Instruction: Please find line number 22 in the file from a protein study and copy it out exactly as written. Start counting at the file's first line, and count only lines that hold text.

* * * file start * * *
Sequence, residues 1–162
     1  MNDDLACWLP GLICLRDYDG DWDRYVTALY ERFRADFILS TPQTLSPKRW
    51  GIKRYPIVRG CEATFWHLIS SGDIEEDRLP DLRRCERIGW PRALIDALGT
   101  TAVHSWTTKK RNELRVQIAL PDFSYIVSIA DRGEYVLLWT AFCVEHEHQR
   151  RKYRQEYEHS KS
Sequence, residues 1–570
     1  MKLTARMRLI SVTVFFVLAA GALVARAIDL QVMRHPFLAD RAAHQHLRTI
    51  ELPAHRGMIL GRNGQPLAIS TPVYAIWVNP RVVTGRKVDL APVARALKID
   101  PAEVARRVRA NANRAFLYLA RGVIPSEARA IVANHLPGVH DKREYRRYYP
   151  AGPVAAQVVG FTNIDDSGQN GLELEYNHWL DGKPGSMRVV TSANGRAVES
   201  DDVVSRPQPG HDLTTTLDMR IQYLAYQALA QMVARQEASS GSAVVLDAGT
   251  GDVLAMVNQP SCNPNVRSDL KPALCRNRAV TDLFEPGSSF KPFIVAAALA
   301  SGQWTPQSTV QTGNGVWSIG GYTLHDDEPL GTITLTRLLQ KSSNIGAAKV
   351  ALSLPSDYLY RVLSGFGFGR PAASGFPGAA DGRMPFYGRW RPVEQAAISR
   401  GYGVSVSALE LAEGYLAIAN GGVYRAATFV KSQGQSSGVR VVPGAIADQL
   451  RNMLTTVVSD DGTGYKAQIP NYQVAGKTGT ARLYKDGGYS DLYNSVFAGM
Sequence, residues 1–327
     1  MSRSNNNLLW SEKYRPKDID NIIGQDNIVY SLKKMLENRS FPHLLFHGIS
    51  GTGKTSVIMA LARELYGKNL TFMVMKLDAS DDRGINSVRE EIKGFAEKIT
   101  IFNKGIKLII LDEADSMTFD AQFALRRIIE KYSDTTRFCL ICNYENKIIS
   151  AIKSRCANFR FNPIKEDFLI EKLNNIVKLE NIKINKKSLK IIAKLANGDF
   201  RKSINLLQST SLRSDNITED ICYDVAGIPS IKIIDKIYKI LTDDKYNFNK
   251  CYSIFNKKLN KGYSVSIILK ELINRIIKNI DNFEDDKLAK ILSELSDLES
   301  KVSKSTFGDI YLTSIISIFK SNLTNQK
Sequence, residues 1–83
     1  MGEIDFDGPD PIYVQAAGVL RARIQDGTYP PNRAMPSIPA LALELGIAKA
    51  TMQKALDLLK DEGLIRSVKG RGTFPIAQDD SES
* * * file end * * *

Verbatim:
   201  RKSINLLQST SLRSDNITED ICYDVAGIPS IKIIDKIYKI LTDDKYNFNK